Lying on his back and blasting toward the heavens at more than three times the speed of sound, Richard Branson pulled off the coup of his life.
He became the triumphant initiator of the business he named space tourism by riding in his spaceship VSS Unity to the edge of space and returning safely to Earth after 90 minutes.
At the same time, this being one of the world’s most shameless self-promoters, Branson wrapped the event in such a stream of gushing hype (aided by, of all people, Stephen Colbert and a huge free infomercial on the major networks), that the live commentary tended to obscure what an enormous, courageous gamble this was.
Pressed by the prospect of being beaten by Jeff Bezos, who is planning to ride his own rival rocket, Blue Origin, into space on July 20, Branson had, essentially, bet his whole company, Virgin Galactic, on getting there first. Originally, one more test flight had been planned before giving the green light for Branson to fly.
Until now, Unity had made only three rocket-powered test flights since being launched in 2016. It has yet to fly with a full load of six passengers and two pilots. Branson was accompanied by three of his top executives, including the only non-pilot to have previously flown a mission, Beth Moses, the chief astronaut instructor.
Unlike the familiar countdown drama of a rocket launch (as with rival Blue Origin) from a pad, the white knuckle tension came 50 minutes into this flight when Unity was dropped from its mother ship at a height of 46,000 feet and, after a few seconds of fall to separate the two vehicles, the pilots fired up the rocket.
That was the moment when everything was at stake. On a previous test flight the rocket failed to ignite and Unity never reached space, instead gliding safely down to the runway. This time the engine ignited and, after brief level flight, the nose was pointing straight up, and Unity became a rocket ship.
Branson and fellow passengers were then pressed hard into their seats by two forces: passing through the sound barrier and reaching a speed of around Mach 3.5 G—Mach being the speed of sound—and by experiencing the bodily pressure of more than 4G, four times the force of gravity.
There were two more extremes of physical sensation. When Unity reached its apogee of 282,000 feet and began falling back to Earth, there were around three minutes of weightlessness when the passengers unbuckled and felt the eeriness of floating unmoored in the cabin, able to peer out the windows and see the curve of the earth below and the darkness of space above.
Then they had to buckle-up again for re-entry. Moving into the thicker air of the stratosphere during re-entry the G forces returned with deceleration, and the skin of Unity heated up with the friction. The vehicle uses a unique “feathering” system to assist the braking, with its nose tilted up like a shuttlecock.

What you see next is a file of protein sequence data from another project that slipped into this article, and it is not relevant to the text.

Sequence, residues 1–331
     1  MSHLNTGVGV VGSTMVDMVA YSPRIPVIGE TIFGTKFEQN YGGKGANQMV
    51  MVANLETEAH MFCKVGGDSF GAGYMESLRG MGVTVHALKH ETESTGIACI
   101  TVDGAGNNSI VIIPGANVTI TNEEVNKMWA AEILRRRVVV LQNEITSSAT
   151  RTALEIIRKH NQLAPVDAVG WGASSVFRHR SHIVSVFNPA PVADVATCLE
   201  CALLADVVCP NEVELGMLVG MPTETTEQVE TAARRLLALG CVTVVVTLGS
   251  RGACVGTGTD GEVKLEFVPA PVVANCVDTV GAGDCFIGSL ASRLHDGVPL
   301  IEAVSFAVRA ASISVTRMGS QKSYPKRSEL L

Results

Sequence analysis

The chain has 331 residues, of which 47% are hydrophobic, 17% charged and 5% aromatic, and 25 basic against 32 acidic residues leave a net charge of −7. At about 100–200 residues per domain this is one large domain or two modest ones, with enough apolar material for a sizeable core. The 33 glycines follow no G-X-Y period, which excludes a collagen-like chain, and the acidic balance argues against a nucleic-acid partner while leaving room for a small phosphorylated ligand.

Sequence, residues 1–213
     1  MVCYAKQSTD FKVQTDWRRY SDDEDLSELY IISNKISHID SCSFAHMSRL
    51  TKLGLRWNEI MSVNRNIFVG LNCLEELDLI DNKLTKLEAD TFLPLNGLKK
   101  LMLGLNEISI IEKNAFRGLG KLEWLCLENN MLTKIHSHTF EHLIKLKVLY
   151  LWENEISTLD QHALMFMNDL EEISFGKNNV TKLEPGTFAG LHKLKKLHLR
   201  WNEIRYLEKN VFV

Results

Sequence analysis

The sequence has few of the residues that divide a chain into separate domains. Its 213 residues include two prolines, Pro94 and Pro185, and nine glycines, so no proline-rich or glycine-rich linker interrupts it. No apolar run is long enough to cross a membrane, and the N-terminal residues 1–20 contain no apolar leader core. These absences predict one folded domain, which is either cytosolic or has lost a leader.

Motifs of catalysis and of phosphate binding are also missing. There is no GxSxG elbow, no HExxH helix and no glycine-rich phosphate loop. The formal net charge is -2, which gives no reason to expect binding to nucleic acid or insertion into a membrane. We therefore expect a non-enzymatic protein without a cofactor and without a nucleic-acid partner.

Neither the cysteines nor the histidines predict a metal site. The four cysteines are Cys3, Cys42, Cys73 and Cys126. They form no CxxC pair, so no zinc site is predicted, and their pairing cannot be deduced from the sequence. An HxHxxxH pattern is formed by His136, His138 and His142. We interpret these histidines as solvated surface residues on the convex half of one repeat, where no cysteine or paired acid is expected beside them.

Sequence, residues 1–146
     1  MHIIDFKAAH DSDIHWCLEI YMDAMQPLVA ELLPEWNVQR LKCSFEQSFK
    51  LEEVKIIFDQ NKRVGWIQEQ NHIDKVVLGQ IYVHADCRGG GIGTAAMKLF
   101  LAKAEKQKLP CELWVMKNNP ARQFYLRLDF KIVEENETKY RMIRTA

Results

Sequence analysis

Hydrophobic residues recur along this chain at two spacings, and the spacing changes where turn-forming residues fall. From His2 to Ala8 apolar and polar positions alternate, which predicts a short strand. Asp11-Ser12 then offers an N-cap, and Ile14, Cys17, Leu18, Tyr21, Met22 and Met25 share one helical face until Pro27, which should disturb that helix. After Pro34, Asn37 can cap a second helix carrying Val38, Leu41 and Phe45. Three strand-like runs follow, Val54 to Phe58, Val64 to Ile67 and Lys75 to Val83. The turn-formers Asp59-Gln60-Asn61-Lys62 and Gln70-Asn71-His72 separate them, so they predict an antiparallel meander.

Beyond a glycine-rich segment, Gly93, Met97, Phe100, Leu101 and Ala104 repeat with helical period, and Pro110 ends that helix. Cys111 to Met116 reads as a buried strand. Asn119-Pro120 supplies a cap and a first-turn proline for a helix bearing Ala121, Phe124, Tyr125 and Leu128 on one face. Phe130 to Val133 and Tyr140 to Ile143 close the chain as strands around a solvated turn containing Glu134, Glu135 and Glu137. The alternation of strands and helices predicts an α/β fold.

Branson was wearing one of the upscale blue jumpsuits that have been custom-styled for Galactic, made of “breathable knitted fabrics”—echoing the nattiness of the wardrobe first conceived for Star Trek (real astronauts in space have to wear pressure suits). He said his role was not technical but to “review the passenger experience.”
If this sounds a bit like the aesthetic of a theme park, it’s not an accident: Branson recently hired Joe Rohde, who was a Disney “imagineer” as Custom Experience Architect.
So it’s time for a reality check, to be clear about what Branson has now achieved and what remains to be achieved.
This flight will deliver more than a priceless publicity gift. It will be a turning point in Branson’s ability to raise the money needed to take the company closer to its declared goal of operating as many as 400 flights a year. For there will need to be many more rounds of fund raising to move from a few virtually hand-built prototypes to having the industrialized volume production needed to build a fleet.
Unity is the second version of Virgin Galactic’s SpaceShip model (the first crashed in 2014). In evolutionary terms it represents Galactic 1.0.
The next few vehicles built, known as the SpaceShip Three class, will be a path toward 2.0, when the frequency and reliability of flights need to improve. But until real industrial scale is reached with a fourth generation of vehicle, known as Spaceship Delta, Galactic will not reach 3.0—a mature business delivering regular daily flights.
That means that of the 600 or more people who have already paid deposits, averaging $130,000, for seats on future flights, the vast majority will have to wait at least another three years to fly—and that’s optimistic. Meanwhile, Branson has made it clear that he intends to use scarcity as justification for a high seat price—considerably more than the $250,000 he was quoting some years ago.
It’s a huge challenge for any business to move from pioneering innovation to becoming a market-dominating brand. In this case it’s like starting an airline and, at the same time, designing, testing and manufacturing a whole fleet of airliners. Nobody has ever done that.
It took NASA 10 years and the bottomless budget of a government program to put a man on the moon. It’s taken Branson 16 years to do something far less ambitious, in comparison a mere blip in the sky. Even then he’s burned through well over a billion dollars.
It’s always been Branson’s modus operandi to gamble his way toward a dream by continually convincing other people that it’s attainable. As he said before the flight in a message to his grandchildren, he lives by the rule of keeping a child-like sense of adventure.
And, as of now, a lot more people will be buying into this dream.